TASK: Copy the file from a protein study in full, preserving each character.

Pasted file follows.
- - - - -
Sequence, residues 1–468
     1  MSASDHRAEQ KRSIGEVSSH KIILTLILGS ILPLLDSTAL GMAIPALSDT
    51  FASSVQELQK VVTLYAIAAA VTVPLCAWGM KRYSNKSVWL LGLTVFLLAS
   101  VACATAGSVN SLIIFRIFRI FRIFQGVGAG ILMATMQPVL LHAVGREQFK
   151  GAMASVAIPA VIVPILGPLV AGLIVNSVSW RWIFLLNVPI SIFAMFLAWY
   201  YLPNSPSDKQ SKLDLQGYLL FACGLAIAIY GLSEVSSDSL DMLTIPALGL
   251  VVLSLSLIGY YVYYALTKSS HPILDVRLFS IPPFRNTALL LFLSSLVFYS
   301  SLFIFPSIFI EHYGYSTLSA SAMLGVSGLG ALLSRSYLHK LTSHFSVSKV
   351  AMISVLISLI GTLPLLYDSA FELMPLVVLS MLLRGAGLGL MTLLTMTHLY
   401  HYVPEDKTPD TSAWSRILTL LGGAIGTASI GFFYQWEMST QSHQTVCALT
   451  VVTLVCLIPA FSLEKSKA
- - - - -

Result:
Sequence, residues 1–468
     1  MSASDHRAEQ KRSIGEVSSH KIILTLILGS ILPLLDSTAL GMAIPALSDT
    51  FASSVQELQK VVTLYAIAAA VTVPLCAWGM KRYSNKSVWL LGLTVFLLAS
   101  VACATAGSVN SLIIFRIFRI FRIFQGVGAG ILMATMQPVL LHAVGREQFK
   151  GAMASVAIPA VIVPILGPLV AGLIVNSVSW RWIFLLNVPI SIFAMFLAWY
   201  YLPNSPSDKQ SKLDLQGYLL FACGLAIAIY GLSEVSSDSL DMLTIPALGL
   251  VVLSLSLIGY YVYYALTKSS HPILDVRLFS IPPFRNTALL LFLSSLVFYS
   301  SLFIFPSIFI EHYGYSTLSA SAMLGVSGLG ALLSRSYLHK LTSHFSVSKV
   351  AMISVLISLI GTLPLLYDSA FELMPLVVLS MLLRGAGLGL MTLLTMTHLY
   401  HYVPEDKTPD TSAWSRILTL LGGAIGTASI GFFYQWEMST QSHQTVCALT
   451  VVTLVCLIPA FSLEKSKA